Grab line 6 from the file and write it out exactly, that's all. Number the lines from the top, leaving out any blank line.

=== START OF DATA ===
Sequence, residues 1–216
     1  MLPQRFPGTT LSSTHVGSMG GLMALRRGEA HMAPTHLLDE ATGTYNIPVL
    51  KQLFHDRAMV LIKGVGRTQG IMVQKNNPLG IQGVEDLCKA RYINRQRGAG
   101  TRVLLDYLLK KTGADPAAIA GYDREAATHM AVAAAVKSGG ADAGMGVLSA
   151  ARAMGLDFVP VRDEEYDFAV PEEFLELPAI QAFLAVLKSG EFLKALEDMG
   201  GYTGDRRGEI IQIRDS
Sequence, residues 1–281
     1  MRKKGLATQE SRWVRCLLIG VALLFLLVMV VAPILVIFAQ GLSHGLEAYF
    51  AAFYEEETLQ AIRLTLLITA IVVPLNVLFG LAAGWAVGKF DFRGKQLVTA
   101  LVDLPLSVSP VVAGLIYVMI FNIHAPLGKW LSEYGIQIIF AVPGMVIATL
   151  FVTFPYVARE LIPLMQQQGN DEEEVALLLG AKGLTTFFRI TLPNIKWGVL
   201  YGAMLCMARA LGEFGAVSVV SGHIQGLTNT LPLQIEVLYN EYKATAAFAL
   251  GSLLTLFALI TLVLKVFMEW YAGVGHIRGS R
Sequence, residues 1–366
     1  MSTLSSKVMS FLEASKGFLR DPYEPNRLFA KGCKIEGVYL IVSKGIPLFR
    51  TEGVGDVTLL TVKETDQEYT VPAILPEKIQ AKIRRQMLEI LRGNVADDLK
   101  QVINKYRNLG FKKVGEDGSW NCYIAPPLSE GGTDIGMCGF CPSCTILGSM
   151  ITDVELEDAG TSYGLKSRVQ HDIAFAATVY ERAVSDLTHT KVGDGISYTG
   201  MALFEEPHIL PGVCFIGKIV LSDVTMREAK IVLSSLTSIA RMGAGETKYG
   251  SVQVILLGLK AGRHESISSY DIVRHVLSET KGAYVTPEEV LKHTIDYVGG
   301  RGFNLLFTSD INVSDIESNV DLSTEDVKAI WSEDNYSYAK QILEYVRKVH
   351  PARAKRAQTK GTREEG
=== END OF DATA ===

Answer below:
   201  GYTGDRRGEI IQIRDS